Prostate-specific antigen (PSA) levels are affected by non-cancerous conditions such as benign prostatic hyperplasia, inflammations, and inherited factors. To search for genetic variants associated with PSA levels, we conducted a genome-wide association study (GWAS) using a two-stage design. A total of 554 men from the Korean Cancer Prevention Study-II were used as a discovery stage and 1575 men collected by the Korean Genome Epidemiology Study were used as a replication stage. Analysis by Genome-wide Human single-nucleotide polymorphism (SNP) array 5.0 was performed by using DNAs derived from venous blood. We analyzed the association between genetic variants and PSA levels using multivariate linear regression models, including age as a covariate. We detected 12 genome-wide significant signals on chromosome 1q32.1, 10q11.2, and 19q13.41 between PSA levels and SNPs. The top SNP associated with log PSA levels was rs2153904 in SLC45A3 (p values, 5.24×10(-9) to 2.00×10(-6)). We also investigated GWAS using 754 subjects from KCPS-II cohort whether our genome-wide significant loci were associated with a risk of prostate cancer (PCa) (200 PCa cases and 554 controls). Three of the SNPs on 10q11.2, rs7077830, rs2611489, and rs4631830, were associated with a risk of PCa. However, two loci, 1q32.1 and 19q13, were not significantly associated with a PCa risk. We suggest that our results for some but not all PCa risk SNPs to be associated with PSA levels could be used as an evidence for the advance of individual PCa screening strategies, such as applying a personalized cutoff value for PSA.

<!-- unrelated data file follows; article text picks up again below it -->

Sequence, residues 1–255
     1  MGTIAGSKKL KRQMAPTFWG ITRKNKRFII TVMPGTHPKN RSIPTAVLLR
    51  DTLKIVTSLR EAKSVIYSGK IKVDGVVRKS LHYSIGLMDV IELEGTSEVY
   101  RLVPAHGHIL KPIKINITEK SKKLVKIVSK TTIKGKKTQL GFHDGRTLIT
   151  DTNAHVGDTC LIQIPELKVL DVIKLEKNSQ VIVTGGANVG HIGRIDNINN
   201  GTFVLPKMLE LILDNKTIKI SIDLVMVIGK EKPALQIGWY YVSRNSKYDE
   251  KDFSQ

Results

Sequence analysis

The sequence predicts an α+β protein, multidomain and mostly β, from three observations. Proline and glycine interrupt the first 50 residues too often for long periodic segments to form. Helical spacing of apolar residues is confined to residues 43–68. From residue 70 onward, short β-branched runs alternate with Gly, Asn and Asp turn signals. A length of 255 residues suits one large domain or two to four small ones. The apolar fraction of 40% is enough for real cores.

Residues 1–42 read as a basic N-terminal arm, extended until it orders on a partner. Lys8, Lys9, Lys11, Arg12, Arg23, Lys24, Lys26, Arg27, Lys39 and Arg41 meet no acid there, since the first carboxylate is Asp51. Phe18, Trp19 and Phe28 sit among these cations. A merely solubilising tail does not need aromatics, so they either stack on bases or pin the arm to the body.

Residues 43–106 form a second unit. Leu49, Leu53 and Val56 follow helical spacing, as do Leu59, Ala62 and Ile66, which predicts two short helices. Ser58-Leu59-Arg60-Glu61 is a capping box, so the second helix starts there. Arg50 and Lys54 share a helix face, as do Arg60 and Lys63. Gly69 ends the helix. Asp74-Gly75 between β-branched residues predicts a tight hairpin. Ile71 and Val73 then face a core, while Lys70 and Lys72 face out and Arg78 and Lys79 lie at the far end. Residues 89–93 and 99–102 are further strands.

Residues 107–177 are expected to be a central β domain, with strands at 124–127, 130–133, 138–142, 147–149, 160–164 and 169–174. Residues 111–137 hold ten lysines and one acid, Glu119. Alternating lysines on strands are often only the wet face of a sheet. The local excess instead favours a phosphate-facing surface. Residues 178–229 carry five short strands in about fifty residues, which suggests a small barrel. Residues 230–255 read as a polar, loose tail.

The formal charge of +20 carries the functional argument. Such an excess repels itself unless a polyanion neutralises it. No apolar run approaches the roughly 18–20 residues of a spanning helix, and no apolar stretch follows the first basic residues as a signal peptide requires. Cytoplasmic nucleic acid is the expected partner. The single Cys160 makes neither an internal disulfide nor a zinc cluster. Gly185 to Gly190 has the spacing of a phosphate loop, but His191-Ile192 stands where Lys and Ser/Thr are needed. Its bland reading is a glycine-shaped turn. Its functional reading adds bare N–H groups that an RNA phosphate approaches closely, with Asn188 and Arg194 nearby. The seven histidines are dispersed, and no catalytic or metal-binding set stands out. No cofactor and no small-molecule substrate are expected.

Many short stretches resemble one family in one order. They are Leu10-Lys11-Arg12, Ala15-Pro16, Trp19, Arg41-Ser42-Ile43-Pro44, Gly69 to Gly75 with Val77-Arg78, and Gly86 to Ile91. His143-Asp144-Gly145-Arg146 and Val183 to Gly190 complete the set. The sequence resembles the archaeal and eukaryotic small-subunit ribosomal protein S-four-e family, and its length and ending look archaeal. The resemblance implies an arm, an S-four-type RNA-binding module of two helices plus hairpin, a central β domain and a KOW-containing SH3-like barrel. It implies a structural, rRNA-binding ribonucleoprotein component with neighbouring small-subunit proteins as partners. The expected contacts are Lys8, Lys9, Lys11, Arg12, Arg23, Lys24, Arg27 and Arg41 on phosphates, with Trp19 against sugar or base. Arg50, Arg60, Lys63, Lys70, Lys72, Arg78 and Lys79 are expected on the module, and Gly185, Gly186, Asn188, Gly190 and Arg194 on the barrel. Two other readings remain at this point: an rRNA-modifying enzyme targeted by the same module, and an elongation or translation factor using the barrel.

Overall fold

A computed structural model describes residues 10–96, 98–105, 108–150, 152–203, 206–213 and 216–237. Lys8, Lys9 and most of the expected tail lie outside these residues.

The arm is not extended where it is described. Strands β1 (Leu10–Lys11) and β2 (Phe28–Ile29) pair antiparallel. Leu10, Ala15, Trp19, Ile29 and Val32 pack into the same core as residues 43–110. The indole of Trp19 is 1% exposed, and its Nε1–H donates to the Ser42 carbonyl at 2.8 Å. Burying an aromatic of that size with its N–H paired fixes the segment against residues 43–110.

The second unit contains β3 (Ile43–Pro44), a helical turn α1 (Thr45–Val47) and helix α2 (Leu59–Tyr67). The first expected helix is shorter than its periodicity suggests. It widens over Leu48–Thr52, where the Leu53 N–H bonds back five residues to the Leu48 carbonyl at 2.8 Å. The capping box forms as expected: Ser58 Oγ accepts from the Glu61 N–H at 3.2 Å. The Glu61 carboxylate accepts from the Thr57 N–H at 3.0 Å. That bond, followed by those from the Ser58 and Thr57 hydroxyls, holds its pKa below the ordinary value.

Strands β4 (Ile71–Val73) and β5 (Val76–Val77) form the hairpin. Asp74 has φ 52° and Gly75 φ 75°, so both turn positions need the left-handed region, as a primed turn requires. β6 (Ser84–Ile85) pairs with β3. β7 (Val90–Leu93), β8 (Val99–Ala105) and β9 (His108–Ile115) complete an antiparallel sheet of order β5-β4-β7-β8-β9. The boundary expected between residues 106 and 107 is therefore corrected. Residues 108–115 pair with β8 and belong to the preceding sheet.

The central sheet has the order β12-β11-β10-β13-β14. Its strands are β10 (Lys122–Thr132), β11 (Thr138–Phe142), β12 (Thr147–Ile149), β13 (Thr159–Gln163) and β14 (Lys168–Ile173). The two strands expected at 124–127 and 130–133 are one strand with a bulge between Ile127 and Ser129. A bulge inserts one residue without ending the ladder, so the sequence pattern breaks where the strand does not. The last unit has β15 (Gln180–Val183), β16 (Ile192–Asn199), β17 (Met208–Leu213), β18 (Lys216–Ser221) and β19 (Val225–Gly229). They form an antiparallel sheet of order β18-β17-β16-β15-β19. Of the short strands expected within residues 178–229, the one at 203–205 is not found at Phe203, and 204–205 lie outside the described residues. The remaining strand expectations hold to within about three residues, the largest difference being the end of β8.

Ren G, Zhang Y, Mao X, et al.
Transcription-mediated chimeric RNAs in prostate cancer: time to revisit old hypothesis?
OMICS. 2014; 18(10):615-24 [PubMed] Article available free on PMC after 01/10/2015 Related Publications
Chromosomal rearrangements and fusion genes play important roles in tumor development and progression. Four high-frequency prostate cancer-specific fusion genes were recently reported in Chinese cases. We attempted to confirm one of the fusion genes, USP9Y-TTTY15, by reverse transcription PCR, but detected the presence of the USP9Y-TTTY15 fusion transcript in cancer samples, nonmalignant prostate tissues, and normal tissues from other organs, demonstrating that it is a transcription-induced chimeric RNA, which is commonly produced in normal tissues. In 105 prostate cancer samples and case-matched adjacent nonmalignant tissues, we determined the expression level of USP9Y-TTTY15 and a previously reported transcription-induced chimeric RNA, SLC45A3-ELK4. The expression levels of both chimeric RNAs vary greatly in cancer and normal cells. USP9Y-TTTY15 expression is neither higher in cancer than adjacent normal tissues, nor correlated with features of advanced prostate cancer. Although the expression level of SLC45A3-ELK4 is higher in cancer than normal cells, and a dramatic increase in its expression from normal to cancer cells is correlated with advanced disease, its expression level in cancer samples alone is not correlated with any clinical parameters. These data show that both chimeric RNAs contribute less to prostate carcinogenesis than previously reported.